Review : Scarface - Emeritus
UrbIt is difficult to take any MC seriously when he threatens to retire his microphone. Too $hort intended to quit in 1996, only to return three years later with the fittingly titled Can’t Stay Away. Jay-Z didn’t manage much longer, with his highly publicized retirement instead transpiring as a brief sabbatical. After twenty years of garnering Platinum plaques and 5 Mic plaudits, Scarface is the latest Hip-Hop artist to suggest he is turning his back on the music industry. With intentions of bowing out made public, ‘Face offers Emeritus. Morose yet triumphant, the LP makes it difficult to dispute the notion that the Houston veteran is prepared to fade to black.
The main reason that Emeritus seems so final is because it highlights how little Uncle ‘Face has left to prove. On the joyfully competitive posse cut “Forgot About Me,” for example, esteemed guests Bun B and Lil Wayne join the enlivened Geto Boy. Although Bun is considered the people’s champion of Hip-Hop and Wayne deems himself the Best Rapper Alive, it is Scar that shines brightest over Cool & Dre’s enigmatic score. Delivering his lyrics with an assuredness embedded after years of experience, he boasts, “I done sold so many records, I changed my name to life.”...full text
VillagevoiceBrad Jordan hasn't changed meaningfully in 20 years. The Houston rap giant's first famous song, "Mind Playing Tricks on Me," found him sitting alone in a four-cornered room, haunted by visions. He was 21 years old, and George Herbert Walker Bush was president. Last month, Brad turned 39, and America elected Barack Obama. There's probably a 10-minute "We Didn't Start the Fire" anthem to be written about what's happened to rap music in between. But "the homey Scarface" remains proudly, defiantly alone, having made a point—a virtue—of never changing. Everything he believed in in his early twenties, he remains convinced of now that he's kicking 40's door down—a sad statement on inflexibility, but a testament to a peculiar kind of integrity.
Emeritus is Scarface's ninth studio album, and, he claims, his last, though he's been threatening retirement for so long, it's begun to feel like a reflex. He nonetheless remains consumed with righteous contempt for snitches and obsessed with "the code of the streets," as it were: "Let's keep it real/I got the documents to prove it/You a snitchin'-ass nigga/Tryin' to hide behind your music," he crows on "High Powered." The chorus of the mournful "Soldier Story" (which also features his quiet, elegant blues-guitar comping) says it all: "The streets always been my daddy/And mommy is the county jail/I'm a soldier and I'm about my mil/I ain't tryin' to do right/I'm already livin' in hell/Cuz I'm a gangsta." Scarface has built his entire persona around these kinds of cold-comfort affirmations, and here they feel like folk wisdom....full text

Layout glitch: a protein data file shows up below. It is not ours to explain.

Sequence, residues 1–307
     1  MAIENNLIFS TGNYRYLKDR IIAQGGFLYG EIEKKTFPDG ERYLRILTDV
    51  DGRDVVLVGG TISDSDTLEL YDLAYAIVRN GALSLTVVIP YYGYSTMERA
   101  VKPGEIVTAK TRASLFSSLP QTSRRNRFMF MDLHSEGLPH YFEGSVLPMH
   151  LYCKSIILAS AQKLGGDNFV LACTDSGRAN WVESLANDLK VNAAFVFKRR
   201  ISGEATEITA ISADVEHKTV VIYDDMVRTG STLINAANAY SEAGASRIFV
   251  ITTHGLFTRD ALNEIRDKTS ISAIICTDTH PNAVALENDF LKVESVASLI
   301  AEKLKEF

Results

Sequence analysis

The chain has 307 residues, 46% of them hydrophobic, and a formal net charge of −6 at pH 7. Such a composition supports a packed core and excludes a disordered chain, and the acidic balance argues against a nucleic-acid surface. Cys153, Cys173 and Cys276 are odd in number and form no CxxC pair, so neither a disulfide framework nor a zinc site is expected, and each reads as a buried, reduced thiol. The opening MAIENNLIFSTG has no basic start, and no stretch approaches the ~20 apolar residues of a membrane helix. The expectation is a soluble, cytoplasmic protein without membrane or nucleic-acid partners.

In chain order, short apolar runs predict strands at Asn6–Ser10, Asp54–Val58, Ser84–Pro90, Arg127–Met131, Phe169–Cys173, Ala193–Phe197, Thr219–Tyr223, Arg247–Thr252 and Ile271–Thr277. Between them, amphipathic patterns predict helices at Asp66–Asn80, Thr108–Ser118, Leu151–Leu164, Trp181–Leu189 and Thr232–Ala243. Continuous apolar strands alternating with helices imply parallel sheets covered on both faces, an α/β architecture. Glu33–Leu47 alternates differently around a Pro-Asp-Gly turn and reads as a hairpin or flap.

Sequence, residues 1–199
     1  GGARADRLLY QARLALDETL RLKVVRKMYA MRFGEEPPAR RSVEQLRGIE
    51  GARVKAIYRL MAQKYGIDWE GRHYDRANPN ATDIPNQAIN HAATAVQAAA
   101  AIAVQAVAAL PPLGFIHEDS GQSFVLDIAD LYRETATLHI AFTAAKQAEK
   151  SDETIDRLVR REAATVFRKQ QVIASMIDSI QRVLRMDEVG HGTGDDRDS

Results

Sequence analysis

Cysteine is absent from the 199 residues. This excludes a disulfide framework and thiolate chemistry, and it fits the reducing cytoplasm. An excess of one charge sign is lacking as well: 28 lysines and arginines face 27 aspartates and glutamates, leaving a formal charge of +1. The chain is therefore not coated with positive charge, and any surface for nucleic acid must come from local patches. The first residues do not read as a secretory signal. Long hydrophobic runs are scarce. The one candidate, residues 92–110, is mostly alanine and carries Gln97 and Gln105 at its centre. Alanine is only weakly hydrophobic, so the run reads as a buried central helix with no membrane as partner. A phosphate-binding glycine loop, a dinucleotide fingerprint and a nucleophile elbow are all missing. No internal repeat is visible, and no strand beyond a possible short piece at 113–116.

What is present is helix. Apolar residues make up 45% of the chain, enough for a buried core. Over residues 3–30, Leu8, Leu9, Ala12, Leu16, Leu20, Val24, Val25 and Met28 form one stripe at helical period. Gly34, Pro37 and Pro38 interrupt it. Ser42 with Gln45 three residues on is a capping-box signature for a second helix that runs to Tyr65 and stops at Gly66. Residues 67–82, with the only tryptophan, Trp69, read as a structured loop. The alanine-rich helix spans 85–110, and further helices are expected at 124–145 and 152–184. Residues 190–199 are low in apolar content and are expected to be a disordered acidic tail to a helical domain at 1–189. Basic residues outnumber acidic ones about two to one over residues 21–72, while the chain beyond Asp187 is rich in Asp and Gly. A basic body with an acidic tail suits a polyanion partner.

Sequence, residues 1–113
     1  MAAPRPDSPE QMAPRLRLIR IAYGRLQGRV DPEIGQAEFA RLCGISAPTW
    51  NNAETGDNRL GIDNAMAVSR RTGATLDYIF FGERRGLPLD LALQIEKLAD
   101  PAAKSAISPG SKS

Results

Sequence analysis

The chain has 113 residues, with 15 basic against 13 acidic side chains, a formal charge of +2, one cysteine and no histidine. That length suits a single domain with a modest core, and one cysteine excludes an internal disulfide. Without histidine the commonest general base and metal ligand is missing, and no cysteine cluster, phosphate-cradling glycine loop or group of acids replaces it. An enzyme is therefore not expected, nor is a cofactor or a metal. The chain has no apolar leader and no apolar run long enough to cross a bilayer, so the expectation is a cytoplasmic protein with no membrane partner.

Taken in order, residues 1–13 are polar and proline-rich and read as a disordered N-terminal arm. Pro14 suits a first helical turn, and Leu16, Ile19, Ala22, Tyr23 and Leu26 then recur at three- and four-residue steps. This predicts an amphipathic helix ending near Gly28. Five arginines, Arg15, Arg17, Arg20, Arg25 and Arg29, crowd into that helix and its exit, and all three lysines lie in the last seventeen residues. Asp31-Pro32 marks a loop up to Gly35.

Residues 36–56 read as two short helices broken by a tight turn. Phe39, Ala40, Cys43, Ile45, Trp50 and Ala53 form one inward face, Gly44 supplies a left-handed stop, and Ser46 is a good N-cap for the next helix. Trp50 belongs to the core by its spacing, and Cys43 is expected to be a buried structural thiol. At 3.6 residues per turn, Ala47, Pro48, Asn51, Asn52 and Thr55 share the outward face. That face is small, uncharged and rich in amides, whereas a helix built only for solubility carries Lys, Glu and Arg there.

AllmusicWith Emeritus, the legendary Scarface brings his solo career to close, a declaration he made six yeas earlier, although this time it seems more realistic. The former Geto Boy's stipulation that collaborations are still possible is right in line with his recent projects like his three-man crew the Product but more than anything, there's a bitterness throughout Emeritus that feels like pulling up stakes and cutting your losses. Right from the extended intro where Rap-A-Lot CEO J. Prince roll calls the snitches as if it was jailhouse poetry, the album is filled spite for a game that doesn't appreciate its elder players. This uncompromising stance never wavers, even with an appearance from superstar Lil Wayne who, along with Bun B., contributes to the furious highlight "Forgot About Me." Bilal, an Ohio Players sample, plus accusations that corporate drug companies are pimping harder than crack dealers all make "Can't Get Right" a standout while "Soldier Story" and the ironically named "Redemption Song" both look back in anger at Face's rise to fame. With the rapper making women hit the "High Note" and getting hedonistic elsewhere, Emeritus is not the usual, very serious good-bye record, but in so many ways, it's a typical Scarface record. It's just better than usual with the rapper sounding liberated by his decision to move on....full text
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